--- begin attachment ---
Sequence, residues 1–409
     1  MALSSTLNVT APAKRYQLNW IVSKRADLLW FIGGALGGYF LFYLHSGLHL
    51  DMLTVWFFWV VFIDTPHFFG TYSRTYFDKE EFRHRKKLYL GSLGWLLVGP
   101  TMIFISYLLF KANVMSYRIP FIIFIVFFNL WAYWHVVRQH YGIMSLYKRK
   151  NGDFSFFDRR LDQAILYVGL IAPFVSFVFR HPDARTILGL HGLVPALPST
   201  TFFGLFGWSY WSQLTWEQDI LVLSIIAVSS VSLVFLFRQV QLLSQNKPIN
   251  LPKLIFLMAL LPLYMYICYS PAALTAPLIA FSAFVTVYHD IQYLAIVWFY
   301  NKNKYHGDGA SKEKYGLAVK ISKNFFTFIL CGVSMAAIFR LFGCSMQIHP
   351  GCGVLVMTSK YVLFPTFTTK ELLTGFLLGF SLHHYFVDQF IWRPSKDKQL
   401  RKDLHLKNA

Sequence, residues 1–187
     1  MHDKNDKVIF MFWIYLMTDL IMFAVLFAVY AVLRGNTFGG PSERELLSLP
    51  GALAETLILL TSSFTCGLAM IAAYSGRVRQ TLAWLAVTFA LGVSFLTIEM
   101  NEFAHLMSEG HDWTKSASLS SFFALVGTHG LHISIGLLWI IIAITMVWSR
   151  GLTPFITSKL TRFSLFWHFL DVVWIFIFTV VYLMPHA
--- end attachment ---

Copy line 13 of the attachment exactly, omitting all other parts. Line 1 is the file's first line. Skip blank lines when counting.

    51  GALAETLILL TSSFTCGLAM IAAYSGRVRQ TLAWLAVTFA LGVSFLTIEM